After the colossal success of The Walking Dead series one, the world has rediscovered its appetite for point-and-click style adventures. Cognition: An Erica Reed Thriller has made the step from PC to iPad in an attempt to sate our post-Lee/Clem hunger, and despite a few technical hiccups this first episode does a decent job.
The game follows psychic detective (yeah, it's one of those games) Erica Reed as she pursues a killer with her partner John. It starts with a flashback to the day Erica lost her brother, and this stage serves as the game's tutorial. And it's a tough start.
While controls are relatively simple - touch certain objects on the screen to walk up to, and interact with - the hardest thing to understand is how the game wants to be played. You need to get a grasp of its internal logic. Early on there's a puzzle where you need to use a spade to dig up a patch of loose earth. Simple, right? Select 'spade', tap on 'loose earth'. Wrong. Erica gets psychic flashes from the dirt, and refuses to dig. Okaaaaay...
The solution comes when you ask your partner to dig for you. It's a strange piece of logic, but it does teach you about how the creators of the game think. Get past this prologue and you're well placed to enjoy the rest of the episode.
The hand-painted style gives the game a neat pulp comic feel, the script isn't afraid to drop a few 'F bombs', and the murders are pleasingly grizzly - this is a very adult game. Sure, some of the dialogue is so wooden you'll want to check your iPad for splinters, and the character animations make them look like boneless bags of meat whenever they walk, but we're willing to forgive the rough edges to enjoy the in-depth investigation.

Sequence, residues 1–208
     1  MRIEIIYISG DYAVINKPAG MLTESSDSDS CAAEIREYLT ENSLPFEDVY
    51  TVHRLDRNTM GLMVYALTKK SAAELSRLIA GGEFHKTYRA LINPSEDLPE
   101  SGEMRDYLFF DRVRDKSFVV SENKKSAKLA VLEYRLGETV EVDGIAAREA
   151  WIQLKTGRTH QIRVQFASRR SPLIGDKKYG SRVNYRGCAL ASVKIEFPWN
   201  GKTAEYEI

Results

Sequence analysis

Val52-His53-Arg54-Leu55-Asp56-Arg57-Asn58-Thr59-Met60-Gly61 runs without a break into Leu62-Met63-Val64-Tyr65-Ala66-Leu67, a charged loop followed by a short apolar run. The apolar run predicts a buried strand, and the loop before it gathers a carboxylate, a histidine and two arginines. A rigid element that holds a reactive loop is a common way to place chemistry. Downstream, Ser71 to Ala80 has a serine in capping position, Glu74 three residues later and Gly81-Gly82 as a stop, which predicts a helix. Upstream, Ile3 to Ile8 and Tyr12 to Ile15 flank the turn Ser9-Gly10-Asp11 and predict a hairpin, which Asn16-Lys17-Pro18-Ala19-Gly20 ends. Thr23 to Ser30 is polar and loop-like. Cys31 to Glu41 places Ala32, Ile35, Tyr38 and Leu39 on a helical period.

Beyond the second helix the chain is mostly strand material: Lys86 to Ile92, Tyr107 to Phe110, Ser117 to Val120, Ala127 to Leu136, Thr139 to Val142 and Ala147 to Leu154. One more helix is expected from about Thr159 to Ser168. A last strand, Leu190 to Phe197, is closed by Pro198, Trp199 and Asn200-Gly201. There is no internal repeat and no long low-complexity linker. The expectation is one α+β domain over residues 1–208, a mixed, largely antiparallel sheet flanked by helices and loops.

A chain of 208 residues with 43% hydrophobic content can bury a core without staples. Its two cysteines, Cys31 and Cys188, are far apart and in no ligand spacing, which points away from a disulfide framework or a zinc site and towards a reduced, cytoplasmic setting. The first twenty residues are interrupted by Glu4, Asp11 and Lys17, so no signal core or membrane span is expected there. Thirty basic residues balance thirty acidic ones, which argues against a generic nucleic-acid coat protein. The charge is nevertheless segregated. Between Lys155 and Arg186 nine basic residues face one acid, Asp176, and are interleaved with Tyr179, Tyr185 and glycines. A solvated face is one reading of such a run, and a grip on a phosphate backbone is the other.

There's always plenty to see and do, and chatting to characters reveals little nuggets of background information that fleshes out the mythology. This is episode one of a four-part thriller, and there's several hours of game here to get you hooked into the story. Some of it feels flabby, but anyone keen on the plot will love digging into the details.
We're hoping that later episodes change the interface to be more touch-screen friendly (at the moment this feels like a straight port, so everything is geared towards mouse-use), but overall this is decent value for £2.49. Rough, perhaps, but the start of a decent yarn.
The start of a decent point and click saga, tarnished by a sloppy PC / iOS conversion and some poor dialogue.
- Decent detective story
- Plenty of content in this first episode
- Art style looks great in parts...
- ...but hideous in others
- Some wooden dialogue
- Too slow-paced in parts